WLHS graduate overcomes diabetes challenges to excel in college athletics
When Linfield College soccer goalkeeper Grant Loriaux was named Northwest Conference Player of the Week on Oct. 15, he barely recognized the coincidence in the moment.
The junior from West Linn was focused mostly on the soccer aspect of the award, which came on the heels of Linfields crucial 1-0 shutout victory over rival Willamette University. If team victories come first in soccer, individual validation never hurts.
So at the time, Loriaux didnt consider that exactly nine years earlier, Oct. 15, 2004, he was diagnosed with Type 1 diabetes.
I havent thought about it that much, Loriaux said. But its nice to be able to play in college with that disease and excel on that level.
The coincidence of the date certainly wasnt lost on Loriauxs mother, Terri, who refers to Oct. 15 as her personal Sept. 11.
Its not been easy to watch all of the stuff he has to do to play sports, Terri Loriaux said. Every other kid has to get his cleats, his shin guards, his equipment. ... Grant has to stop and think, Whats my blood sugar?
But its always been worth it for Grant Loriaux, who was a multisport athlete growing up before deciding to focus on soccer in high school.
In fact, it was a basketball tryout that prompted his eventual diagnosis at the age of 12.
He couldnt run the court, Terri Loriaux said. He couldnt get back on defense.
Hed also complained recently during soccer practice, asking to run one mile instead of two. The Loriauxes first thought he was simply a lazy 12-year-old, but the basketball tryout and subsequent sleepless night going to and from the bathroom prompted the Loriauxes both professionals in endocrinology to test their sons blood sugar.
When it came back at a sky-high 780, Grant Loriaux was rushed to the hospital and received his diagnosis.
One of his first concerns was whether he would be able to keep playing sports. The doctors said he could continue to do pretty much anything he wanted, so long as he was able to manage his blood sugar levels.
Loriaux jumped at the opportunity to prove his independence, asking to administer his very first shot by himself.
It certainly hasnt been easy since then, and the disease remains a constant force to be reckoned with on game days.
The biggest challenge is just getting in a routine, he said. You have to standardize your day.
For Loriaux, that means eating a protein-packed meal four hours before game time, having a bottle of Gatorade next to the goal at all times and keeping a sharp eye on his blood sugar levels.
Being a goalkeeper is pretty stressful at times, Loriaux said. Stress raises blood sugar, so you have to watch it constantly, keep getting insulin and make sure the coaches know what the disease is.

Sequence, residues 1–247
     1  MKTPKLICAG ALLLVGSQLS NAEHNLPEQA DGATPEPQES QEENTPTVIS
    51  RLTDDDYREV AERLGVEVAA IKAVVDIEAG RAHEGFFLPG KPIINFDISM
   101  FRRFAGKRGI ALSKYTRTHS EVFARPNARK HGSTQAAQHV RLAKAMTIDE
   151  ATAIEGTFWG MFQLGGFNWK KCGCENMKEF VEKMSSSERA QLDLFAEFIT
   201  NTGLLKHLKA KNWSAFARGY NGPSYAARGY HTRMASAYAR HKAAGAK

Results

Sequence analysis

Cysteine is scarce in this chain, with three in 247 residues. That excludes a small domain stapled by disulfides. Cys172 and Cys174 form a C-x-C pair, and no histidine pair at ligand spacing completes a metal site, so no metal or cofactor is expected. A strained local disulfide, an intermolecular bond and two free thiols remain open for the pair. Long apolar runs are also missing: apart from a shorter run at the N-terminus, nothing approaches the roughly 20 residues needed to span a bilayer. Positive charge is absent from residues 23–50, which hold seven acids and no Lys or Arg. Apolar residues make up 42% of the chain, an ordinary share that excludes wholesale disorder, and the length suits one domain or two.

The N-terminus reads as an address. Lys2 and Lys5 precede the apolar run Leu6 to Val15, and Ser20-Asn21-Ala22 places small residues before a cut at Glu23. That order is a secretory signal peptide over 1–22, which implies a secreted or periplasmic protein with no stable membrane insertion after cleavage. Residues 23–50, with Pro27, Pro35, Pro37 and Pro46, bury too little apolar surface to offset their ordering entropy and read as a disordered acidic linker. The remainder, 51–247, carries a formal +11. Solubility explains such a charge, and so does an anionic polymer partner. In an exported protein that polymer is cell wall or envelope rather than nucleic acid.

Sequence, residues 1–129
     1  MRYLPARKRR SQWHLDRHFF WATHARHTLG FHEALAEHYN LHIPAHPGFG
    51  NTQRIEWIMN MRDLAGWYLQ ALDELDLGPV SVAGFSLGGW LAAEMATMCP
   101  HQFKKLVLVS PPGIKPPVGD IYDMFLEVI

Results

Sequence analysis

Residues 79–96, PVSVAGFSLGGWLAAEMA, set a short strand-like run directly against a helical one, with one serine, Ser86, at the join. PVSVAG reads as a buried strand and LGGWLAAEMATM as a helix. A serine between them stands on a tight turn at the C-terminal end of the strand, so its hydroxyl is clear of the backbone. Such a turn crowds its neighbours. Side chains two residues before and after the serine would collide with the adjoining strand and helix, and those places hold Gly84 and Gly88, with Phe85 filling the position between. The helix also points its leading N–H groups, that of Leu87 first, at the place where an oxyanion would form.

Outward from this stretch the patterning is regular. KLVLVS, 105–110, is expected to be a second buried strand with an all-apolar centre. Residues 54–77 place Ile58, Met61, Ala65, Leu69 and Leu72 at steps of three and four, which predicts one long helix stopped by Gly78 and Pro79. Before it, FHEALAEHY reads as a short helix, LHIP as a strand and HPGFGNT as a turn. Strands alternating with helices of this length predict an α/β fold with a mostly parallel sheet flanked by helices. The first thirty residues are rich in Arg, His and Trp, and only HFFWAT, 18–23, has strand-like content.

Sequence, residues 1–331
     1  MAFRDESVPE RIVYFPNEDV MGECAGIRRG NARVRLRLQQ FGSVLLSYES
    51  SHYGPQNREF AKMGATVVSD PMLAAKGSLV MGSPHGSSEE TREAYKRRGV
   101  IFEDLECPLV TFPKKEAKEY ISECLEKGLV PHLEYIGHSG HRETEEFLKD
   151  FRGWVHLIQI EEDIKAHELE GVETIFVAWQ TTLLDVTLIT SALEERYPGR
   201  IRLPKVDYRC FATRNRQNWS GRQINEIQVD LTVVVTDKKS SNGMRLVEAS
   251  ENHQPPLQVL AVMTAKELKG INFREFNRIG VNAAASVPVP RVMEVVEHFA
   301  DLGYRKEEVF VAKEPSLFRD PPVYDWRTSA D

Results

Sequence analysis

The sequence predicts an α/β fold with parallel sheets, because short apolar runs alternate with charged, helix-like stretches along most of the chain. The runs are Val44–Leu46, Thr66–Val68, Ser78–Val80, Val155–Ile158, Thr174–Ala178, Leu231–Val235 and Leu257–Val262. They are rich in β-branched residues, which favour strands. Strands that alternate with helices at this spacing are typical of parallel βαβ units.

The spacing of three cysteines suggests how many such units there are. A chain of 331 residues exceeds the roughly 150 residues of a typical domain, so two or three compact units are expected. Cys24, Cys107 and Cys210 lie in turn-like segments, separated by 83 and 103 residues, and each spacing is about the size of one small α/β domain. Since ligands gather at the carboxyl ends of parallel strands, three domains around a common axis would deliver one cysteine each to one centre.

With even a slight drop in vigilance, Loriauxs blood sugar levels could rise too far and provoke side effects like blurred vision devastating for any athlete, particularly a goalkeeper.
Perhaps even more difficult, though, is maintaining a healthy balance between high and low blood sugar. Because the stress of game situations naturally raises blood sugar, its best for Loriaux to go into games at a fairly low level and kind of ride that along, as he puts it.
But if his blood sugar falls too low, all of a sudden he cant play.
The last thing you want is to not be able to play because of low blood sugar, Loriaux said. Then youre really inhibited by diabetes, and thats the last thing you want to do.
Finding and maintaining that balance has taken years of trial and error, and adjusting to the college schedule was especially cumbersome.
Its almost more difficult in college because theres so much less structure, Loriaux said. High school games are later in the day so you have all day to manage your blood sugar, whereas college games start at maybe 2 p.m., and you have a lot less time to correct yourself.
Linfield head coach Chuck Bechtol leaves it up to Loriaux to manage those challenges.
The way I approach it is he has to do what he has to do to take care of himself, Bechtol said. And he knows that better than I know that. So, I give him free range to know that hes right.
Over time, Loriaux has learned to adapt, and the player of the week award is a reminder of how far he has come. When he was diagnosed in 2004, his doctor promised there would be a cure within 10 years.
Whether that prediction comes true remains to be seen, but Loriaux will continue to confront diabetes with the same mindset that helps him succeed as a goalkeeper.
You have to be confident as a goalie, Terri Loriaux said. You have to be resilient, roll with the punches, you cant let things upset you. And thats also how Grant handles his diabetes.Add a comment